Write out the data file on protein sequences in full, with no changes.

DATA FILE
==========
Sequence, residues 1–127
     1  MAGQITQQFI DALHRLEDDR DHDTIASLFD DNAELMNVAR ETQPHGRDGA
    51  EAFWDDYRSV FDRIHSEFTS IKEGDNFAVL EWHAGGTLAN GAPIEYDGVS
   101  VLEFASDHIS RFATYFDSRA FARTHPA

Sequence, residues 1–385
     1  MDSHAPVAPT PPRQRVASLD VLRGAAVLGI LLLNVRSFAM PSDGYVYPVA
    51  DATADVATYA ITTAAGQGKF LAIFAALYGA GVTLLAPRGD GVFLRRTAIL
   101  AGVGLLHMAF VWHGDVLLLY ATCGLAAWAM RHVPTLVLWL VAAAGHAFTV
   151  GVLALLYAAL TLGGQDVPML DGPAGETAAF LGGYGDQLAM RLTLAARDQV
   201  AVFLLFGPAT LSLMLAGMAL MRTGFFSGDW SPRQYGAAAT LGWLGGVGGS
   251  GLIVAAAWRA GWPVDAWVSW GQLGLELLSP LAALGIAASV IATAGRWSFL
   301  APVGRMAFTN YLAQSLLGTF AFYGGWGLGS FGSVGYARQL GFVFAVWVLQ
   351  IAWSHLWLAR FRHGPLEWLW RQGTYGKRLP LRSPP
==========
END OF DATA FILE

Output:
Sequence, residues 1–127
     1  MAGQITQQFI DALHRLEDDR DHDTIASLFD DNAELMNVAR ETQPHGRDGA
    51  EAFWDDYRSV FDRIHSEFTS IKEGDNFAVL EWHAGGTLAN GAPIEYDGVS
   101  VLEFASDHIS RFATYFDSRA FARTHPA

Sequence, residues 1–385
     1  MDSHAPVAPT PPRQRVASLD VLRGAAVLGI LLLNVRSFAM PSDGYVYPVA
    51  DATADVATYA ITTAAGQGKF LAIFAALYGA GVTLLAPRGD GVFLRRTAIL
   101  AGVGLLHMAF VWHGDVLLLY ATCGLAAWAM RHVPTLVLWL VAAAGHAFTV
   151  GVLALLYAAL TLGGQDVPML DGPAGETAAF LGGYGDQLAM RLTLAARDQV
   201  AVFLLFGPAT LSLMLAGMAL MRTGFFSGDW SPRQYGAAAT LGWLGGVGGS
   251  GLIVAAAWRA GWPVDAWVSW GQLGLELLSP LAALGIAASV IATAGRWSFL
   301  APVGRMAFTN YLAQSLLGTF AFYGGWGLGS FGSVGYARQL GFVFAVWVLQ
   351  IAWSHLWLAR FRHGPLEWLW RQGTYGKRLP LRSPP